Istanbul's alternative artists have begun creating important niches for a dialogue on society: in independent art spaces and beyond the established art scene. Irmgard Berner visited the exhibition "Istanbul-Off-Spaces" in Berlin Kreuzberg
Their names are "Hafriyat", "atilkunst" and "Apartman Project" and they are independent art spaces in Istanbul. "Hafriyat," which means "excavation," was one of the first and is still one of the most important non-commercial project spaces in Turkey. In recent years, there have been more and more of these initiatives in Istanbul, a city that previously had as good as no free market for art. The new projects are a reaction by artists and curators to the conditions of the institutionalised art world – and they are reacting with growing confidence. Artist groups are engaging in intensive dialogue, responding to the changes in Turkish society and civil rights laws. For a short time, a gallery in Berlin, the Bethanien art space in the inner-city suburb of Kreuzberg, is providing them with a very prominent platform for their projects – as part of the city's longstanding partnership with Istanbul.
The message of the "Mayhas"
The Turkish phrase "Sadede Gel" is spelled out in lights strung between the two towers of the Bethanien building. The artists translate it as "Get to the point". The many people of Turkish origin who are the building's neighbours will be familiar with messages of this type, called "mayhas" and displayed between minarets during Ramadan in Muslim countries. Mayhas were once a powerful means of communication for religious or moral messages.
Yet, through this traditional form of communication, the artist group "atilkunst" is not only broadcasting a common saying into public space, but also launching a signal to society. And it is the ironic overture to the multiple dialogues which are taking place in the exhibition.
One aspect of the dialogue which these Turkish galleries are involved in is artists getting together in Istanbul and learning from one another. They combine their production forces and harness their collective intelligence against the artistic establishment with all its crippling constraints. Important platforms have emerged from this movement in recent years. The art itself acts as a spark that ignites a much larger engine – these spaces, small as they may be, often evolve into meeting spaces for academics, architects, urban planners, artistic initiatives and organisations.
Boldly working against the grain in a repressive climate
It's their counter-ideas for an interdisciplinary presentation of art, offering artists a chance to go against the grain in the still repressive atmosphere of the Turkish unitary state, which are now on show at the Bethanien art space.
Visitors enter via a broad corridor, flanked by a cosmos of images on the subject of "fear of God". Graphic art and written messages relate to the fear which has been created among the people and used since the dawn of time in order to hold on to power. This poster collection dates from 2007 and is from the artist group "Hafriyat".
The group runs a small venue in Istanbul's harbour quarter Karaköy, tucked between car repair shops and brothels, out of reach of the conservative and commercial art scene dominated by banks and institutions. Membership fees and support from the neighbourhood pharmacies, nightclubs and production companies cover the group's running costs, helping them to maintain their independence.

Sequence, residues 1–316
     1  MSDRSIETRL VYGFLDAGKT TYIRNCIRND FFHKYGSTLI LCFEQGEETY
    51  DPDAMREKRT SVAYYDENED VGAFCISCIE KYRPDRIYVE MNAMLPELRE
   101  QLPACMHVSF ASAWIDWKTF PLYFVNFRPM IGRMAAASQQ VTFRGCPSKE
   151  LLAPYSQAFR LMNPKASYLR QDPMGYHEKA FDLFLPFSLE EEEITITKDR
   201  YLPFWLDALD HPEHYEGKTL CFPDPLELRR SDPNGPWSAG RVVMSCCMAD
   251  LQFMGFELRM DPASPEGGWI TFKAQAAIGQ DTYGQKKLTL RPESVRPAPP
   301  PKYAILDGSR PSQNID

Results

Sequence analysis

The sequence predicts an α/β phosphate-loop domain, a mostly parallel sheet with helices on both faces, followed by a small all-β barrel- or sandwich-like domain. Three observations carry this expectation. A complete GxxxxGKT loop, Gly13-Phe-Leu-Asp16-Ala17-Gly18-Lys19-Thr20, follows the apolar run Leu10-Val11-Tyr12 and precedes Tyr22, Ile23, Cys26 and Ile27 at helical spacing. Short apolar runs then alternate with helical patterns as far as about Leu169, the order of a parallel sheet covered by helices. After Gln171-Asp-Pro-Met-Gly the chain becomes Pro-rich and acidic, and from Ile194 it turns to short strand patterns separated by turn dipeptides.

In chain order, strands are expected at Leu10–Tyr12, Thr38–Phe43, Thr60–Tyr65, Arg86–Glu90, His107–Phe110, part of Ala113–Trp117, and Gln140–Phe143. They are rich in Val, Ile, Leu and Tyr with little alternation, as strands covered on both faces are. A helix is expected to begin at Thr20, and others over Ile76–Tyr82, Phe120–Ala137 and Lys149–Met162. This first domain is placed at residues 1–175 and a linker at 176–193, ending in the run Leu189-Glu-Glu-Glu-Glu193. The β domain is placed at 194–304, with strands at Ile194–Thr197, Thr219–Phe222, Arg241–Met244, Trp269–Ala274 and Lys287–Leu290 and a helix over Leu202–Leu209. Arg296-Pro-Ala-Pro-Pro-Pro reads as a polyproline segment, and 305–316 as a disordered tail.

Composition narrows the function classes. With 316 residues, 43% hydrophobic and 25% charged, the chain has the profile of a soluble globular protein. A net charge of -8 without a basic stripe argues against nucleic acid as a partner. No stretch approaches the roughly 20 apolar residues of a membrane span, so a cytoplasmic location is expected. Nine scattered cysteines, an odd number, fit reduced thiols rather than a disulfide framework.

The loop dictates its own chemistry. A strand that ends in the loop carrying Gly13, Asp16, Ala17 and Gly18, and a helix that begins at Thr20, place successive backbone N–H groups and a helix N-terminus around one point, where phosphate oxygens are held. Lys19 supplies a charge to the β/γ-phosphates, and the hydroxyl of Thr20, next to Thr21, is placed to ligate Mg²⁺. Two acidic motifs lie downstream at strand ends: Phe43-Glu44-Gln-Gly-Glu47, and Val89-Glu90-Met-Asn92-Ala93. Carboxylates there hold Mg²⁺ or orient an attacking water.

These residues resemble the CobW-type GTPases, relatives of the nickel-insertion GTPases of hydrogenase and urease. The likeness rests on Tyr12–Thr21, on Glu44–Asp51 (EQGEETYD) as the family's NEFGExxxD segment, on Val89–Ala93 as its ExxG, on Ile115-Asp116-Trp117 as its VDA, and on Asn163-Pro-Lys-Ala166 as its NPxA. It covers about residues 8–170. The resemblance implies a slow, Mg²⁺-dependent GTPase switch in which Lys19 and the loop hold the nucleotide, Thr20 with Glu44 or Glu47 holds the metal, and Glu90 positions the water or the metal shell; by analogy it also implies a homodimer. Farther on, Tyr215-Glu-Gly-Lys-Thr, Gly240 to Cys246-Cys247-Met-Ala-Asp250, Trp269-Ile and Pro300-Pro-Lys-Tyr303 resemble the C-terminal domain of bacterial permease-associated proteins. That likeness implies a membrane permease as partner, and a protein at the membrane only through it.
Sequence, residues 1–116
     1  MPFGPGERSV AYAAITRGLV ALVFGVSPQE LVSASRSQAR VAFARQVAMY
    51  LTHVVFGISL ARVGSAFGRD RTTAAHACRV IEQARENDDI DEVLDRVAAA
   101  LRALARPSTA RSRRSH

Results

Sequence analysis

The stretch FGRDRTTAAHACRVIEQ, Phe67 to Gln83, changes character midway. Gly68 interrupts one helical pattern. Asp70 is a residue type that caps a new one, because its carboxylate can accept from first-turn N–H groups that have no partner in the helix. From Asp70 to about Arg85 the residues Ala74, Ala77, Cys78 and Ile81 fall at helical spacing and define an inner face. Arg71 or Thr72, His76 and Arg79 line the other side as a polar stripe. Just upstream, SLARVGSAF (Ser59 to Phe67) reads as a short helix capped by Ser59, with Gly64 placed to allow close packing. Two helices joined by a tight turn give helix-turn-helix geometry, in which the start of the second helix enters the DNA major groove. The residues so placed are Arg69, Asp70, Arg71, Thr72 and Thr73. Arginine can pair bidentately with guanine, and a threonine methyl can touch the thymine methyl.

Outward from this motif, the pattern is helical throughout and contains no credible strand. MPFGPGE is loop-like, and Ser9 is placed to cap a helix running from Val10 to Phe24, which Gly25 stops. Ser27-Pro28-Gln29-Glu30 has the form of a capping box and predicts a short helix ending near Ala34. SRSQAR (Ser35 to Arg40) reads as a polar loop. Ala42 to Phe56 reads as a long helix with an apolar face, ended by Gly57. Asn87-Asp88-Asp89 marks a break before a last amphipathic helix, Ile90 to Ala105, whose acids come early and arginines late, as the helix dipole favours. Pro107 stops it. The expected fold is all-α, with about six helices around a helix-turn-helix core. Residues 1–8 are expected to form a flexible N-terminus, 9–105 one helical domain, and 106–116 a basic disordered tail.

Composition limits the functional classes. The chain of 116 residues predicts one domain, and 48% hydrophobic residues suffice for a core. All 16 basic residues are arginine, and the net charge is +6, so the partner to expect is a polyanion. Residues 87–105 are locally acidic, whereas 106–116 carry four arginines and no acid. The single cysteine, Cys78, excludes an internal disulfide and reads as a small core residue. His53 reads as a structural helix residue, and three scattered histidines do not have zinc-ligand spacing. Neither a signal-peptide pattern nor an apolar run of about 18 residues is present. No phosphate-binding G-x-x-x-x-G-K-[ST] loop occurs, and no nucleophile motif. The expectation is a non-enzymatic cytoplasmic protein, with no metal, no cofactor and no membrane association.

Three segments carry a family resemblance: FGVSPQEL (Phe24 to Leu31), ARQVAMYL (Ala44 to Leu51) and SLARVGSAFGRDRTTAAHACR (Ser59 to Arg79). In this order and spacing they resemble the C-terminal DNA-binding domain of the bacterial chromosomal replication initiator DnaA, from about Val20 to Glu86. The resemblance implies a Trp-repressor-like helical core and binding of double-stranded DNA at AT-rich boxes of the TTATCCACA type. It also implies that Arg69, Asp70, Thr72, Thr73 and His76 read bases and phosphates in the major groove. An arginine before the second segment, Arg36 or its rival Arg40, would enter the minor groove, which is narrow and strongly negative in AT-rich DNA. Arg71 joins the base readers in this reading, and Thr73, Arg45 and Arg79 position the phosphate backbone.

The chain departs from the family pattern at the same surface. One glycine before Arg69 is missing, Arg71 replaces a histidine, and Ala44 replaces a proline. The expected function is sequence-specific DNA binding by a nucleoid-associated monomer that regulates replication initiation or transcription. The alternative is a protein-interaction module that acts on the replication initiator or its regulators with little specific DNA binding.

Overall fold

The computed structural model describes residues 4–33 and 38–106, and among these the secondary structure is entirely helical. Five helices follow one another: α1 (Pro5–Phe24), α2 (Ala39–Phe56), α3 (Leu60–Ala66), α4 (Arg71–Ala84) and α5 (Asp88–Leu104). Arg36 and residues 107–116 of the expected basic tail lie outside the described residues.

Workshops and performances
The Berlin exhibition illustrates the goals of these independent initiatives and how they work – in comparison to publicly funded art spaces in Germany – using pictures, texts, videos and installations. The "Apartment Project", founded by the video artist Selda Asal in 1999, works with workshops and performances. Asal and Serdar Ateser have already worked on a music video project with pupils at a Berlin school. Their current piece in the exhibition is called "Reciprocal Visit" and involves ten Turkish artists.
The ten artists reflect on their visits to Georgia, Armenia and Iran, chosen precisely because of the political differences between them and Turkey. The film sequences reveal the explosive political background: for example, Turkish citizens are banned from entering neighbouring Armenia, and vice versa. The artists use the custom of "reciprocal visits", which has traditionally supported neighbourly relations in these countries and the Arab world, as a cultural counter-measure, thereby overcoming entry bans and border walls.
The up-and-coming group "Kurye" defines itself as a video organisation. Its concept focuses on the image, in permanent circulation and accessible everywhere and at any time.
Platforms for political content
The group works with an archive system, organises video events on specific themes, international festivals, exhibitions – including online exhibitions – and acts as an agency. The Kurye archive now houses 620 video works by 250 artists from 32 countries; and this impressive collection continues to grow.
The other side of the dialogue behind the exhibition is the city partnership between Berlin and Istanbul, now in existence for twenty years. Berlin has worked hard at maintaining contacts with the few existing artist groups, presenting a very different picture from the usual distorted images of Turkey – a fact that can't be rated too highly.
Unlike in Berlin, Istanbul's project spaces are not launching pads for artists' careers, but spaces for action and platforms for political content, taboo subjects such as gays and lesbians or "woman and the city". And sometimes all that it takes is a shop window, as the space "Artik mekan" proves in just over two square metres, run by the artists Gonca Sezer and Yesim Agaoglu in an old tea house also in Karaköy. Artists can "get to the point" in the tiniest of spaces.
© Qantara.de 2009